Support 110 years of independent journalism.

  1. Politics
  2. The Staggers
12 April 2021updated 13 Apr 2021 10:22am

Why the David Cameron lobbying scandal isn’t over

As the economic effects of Greensill’s collapse are felt, the story could cause greater political discomfort for the government.

By Stephen Bush

David Cameron has released a 1,800 word statement about his work for Greensill. The short version? He didn’t break any laws (which, remember, he helped to write) but he does have lessons to learn from the affair. 

The statement could be laboratory-designed to prolong rather than end the row. If Cameron behaved improperly but broke no laws, that raises obvious questions about the effectiveness of the laws his government brought in, while we are still no closer to having clarity about what, exactly, Cameron said in his messages to Rishi Sunak

[See also: Could David Cameron face criminal charges for lobbying?

Gordon Brown thinks he has the right idea on how to tackle the problem: a five-year cooling-off period in which former prime ministers cannot engage in any lobbying activities. It would mean that Cameron would only just be entering the world of lobbying – but of course, the unique benefits of having a former prime minister on speed dial would still apply. Cameron would still have a direct personal relationship with the chancellor, the health secretary and a host of junior ministers. 

[Hear more on the New Statesman podcast]

Select and enter your email address Your weekly guide to the best writing on ideas, politics, books and culture every Saturday - from the New Statesman. Sign up directly at The New Statesman's quick and essential guide to the news and politics of the day. Sign up directly at Stay up to date with NS events, subscription offers & updates. Weekly analysis of the shift to a new economy from the New Statesman's Spotlight on Policy team.
  • Administration / Office
  • Arts and Culture
  • Board Member
  • Business / Corporate Services
  • Client / Customer Services
  • Communications
  • Construction, Works, Engineering
  • Education, Curriculum and Teaching
  • Environment, Conservation and NRM
  • Facility / Grounds Management and Maintenance
  • Finance Management
  • Health - Medical and Nursing Management
  • HR, Training and Organisational Development
  • Information and Communications Technology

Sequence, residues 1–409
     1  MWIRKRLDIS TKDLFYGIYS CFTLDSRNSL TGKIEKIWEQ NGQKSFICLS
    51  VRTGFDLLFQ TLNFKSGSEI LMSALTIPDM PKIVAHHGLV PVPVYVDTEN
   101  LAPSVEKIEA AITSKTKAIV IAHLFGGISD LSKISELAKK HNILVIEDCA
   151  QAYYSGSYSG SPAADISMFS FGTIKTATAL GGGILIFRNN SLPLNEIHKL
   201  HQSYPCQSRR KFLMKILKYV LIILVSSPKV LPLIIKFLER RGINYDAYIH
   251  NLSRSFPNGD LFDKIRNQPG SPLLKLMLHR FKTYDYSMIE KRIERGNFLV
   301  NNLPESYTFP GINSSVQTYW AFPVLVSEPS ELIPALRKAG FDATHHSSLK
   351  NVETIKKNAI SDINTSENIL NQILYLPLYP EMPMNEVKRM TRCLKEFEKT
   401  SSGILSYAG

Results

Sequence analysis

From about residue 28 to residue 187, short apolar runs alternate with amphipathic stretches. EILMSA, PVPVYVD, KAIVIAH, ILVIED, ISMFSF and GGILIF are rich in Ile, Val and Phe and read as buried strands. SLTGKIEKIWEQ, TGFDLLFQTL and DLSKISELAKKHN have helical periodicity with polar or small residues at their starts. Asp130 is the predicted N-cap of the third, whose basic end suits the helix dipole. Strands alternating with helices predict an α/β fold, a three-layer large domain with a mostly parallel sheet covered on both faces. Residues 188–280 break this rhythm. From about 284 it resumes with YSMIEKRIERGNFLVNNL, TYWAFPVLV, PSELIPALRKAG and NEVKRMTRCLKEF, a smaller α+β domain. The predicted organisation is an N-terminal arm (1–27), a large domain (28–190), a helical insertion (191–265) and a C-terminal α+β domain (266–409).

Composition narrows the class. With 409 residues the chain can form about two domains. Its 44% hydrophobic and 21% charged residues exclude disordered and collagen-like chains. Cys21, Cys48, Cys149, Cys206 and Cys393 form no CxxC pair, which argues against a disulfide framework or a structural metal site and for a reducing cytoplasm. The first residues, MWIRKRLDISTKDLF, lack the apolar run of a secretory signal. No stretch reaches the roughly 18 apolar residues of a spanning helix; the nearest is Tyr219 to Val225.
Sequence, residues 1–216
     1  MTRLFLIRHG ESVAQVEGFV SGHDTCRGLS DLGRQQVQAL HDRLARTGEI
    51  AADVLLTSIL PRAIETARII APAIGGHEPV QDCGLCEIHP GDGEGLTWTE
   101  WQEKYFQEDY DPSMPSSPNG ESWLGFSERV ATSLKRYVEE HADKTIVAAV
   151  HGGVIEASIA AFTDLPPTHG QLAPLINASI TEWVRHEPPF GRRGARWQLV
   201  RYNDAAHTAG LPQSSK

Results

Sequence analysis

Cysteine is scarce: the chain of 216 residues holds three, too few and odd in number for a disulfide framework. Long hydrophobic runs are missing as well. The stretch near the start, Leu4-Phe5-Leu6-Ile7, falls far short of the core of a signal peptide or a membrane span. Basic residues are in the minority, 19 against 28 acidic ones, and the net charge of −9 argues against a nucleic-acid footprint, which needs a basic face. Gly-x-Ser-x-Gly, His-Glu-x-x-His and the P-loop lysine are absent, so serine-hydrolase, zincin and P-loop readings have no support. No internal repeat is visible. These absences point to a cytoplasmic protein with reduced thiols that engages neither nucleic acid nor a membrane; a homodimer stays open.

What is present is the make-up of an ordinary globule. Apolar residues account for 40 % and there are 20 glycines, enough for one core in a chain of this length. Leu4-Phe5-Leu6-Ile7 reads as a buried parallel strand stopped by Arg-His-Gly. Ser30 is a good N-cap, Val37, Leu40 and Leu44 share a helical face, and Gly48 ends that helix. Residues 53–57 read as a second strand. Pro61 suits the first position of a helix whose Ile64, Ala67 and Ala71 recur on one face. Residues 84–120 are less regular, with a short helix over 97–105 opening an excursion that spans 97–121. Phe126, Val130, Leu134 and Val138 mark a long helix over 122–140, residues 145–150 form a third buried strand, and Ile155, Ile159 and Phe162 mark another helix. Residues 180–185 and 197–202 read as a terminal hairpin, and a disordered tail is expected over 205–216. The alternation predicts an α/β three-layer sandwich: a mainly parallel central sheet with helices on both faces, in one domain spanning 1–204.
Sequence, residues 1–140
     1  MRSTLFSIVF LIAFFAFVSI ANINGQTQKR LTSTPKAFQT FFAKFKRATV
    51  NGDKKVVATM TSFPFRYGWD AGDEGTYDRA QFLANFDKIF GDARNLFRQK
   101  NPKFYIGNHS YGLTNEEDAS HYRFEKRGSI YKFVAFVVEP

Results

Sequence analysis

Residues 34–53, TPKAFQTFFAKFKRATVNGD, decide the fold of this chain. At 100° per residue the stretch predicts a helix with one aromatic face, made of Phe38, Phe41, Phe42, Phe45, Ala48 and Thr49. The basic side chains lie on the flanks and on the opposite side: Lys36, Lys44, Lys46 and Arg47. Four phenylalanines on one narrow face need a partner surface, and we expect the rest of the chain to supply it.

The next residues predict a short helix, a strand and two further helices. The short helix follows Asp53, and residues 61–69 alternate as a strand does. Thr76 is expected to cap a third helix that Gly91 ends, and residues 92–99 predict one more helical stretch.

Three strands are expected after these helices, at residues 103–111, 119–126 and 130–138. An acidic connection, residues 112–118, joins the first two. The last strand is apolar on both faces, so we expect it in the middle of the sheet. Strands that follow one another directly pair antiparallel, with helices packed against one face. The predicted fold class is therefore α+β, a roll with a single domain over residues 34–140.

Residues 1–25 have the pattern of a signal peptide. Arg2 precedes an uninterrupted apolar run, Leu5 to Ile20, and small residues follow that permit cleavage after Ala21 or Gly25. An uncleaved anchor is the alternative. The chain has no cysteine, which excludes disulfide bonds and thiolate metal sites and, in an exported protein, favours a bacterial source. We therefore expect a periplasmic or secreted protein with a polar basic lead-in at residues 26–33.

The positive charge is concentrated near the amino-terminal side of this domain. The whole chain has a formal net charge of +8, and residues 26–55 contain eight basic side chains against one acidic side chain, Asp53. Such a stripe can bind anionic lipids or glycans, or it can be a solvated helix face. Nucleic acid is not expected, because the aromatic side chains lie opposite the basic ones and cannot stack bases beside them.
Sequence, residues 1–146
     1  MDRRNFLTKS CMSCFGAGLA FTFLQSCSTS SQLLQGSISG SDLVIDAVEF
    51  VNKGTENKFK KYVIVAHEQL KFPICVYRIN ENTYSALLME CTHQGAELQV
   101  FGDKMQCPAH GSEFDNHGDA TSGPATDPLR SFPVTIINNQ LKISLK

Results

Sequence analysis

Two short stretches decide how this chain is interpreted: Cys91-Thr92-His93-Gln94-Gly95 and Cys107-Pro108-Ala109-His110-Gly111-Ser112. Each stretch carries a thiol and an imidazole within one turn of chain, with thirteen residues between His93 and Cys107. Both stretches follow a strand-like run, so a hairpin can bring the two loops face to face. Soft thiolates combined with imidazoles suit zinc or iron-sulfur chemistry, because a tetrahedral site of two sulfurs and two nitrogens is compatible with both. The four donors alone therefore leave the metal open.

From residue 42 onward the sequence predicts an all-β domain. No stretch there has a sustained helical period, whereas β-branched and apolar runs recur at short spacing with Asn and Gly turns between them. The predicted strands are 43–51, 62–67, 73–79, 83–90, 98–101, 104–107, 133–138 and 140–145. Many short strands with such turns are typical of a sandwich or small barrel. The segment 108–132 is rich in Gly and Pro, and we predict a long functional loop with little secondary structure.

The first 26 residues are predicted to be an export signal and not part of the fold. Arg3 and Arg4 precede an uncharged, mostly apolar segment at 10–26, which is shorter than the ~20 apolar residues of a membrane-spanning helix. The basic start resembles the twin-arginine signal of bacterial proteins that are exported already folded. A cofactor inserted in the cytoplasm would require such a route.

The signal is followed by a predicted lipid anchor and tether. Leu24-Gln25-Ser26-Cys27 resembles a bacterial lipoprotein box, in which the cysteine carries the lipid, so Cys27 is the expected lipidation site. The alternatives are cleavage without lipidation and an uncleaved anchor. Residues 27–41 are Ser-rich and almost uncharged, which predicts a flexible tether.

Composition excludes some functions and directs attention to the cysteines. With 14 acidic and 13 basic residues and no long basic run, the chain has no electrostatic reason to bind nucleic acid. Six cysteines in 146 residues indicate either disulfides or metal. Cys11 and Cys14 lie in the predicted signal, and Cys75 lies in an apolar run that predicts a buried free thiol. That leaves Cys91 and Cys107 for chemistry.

• Information Services, Statistics, Records, Archives
  • Infrastructure Management - Transport, Utilities
  • Legal Officers and Practitioners
  • Librarians and Library Management
  • Management
  • Marketing
  • OH&S, Risk Management
  • Operations Management
  • Planning, Policy, Strategy
  • Printing, Design, Publishing, Web
  • Projects, Programs and Advisors
  • Property, Assets and Fleet Management
  • Public Relations and Media
  • Purchasing and Procurement
  • Quality Management
  • Science and Technical Research and Development
  • Security and Law Enforcement
  • Service Delivery
  • Sport and Recreation
  • Travel, Accommodation, Tourism
  • Wellbeing, Community / Social Services
Visit our privacy Policy for more information about our services, how New Statesman Media Group may use, process and share your personal data, including information on your rights in respect of your personal data and how you can unsubscribe from future marketing communications.

The reality is that if you want to cut down on lobbying by former prime ministers, you need far sharper permanent curbs on what politicians, particularly senior ones, can do once they leave office. 

Content from our partners
Strengthening the UK's clinical trial ecosystem
Ageing well with technology
"Homesharing helps us get a better work-life balance"

At present the story is still largely a niche one: a preoccupation of people who follow politics fairly closely. But that’s in part because the economic effects of Greensill’s collapse have yet to be fully felt. A story confined to the bubble could yet become one that causes the incumbent government, not just Cameron, real political discomfort over the coming weeks and months.

[See also: How bad is the Greensill scandal for Rishi Sunak?]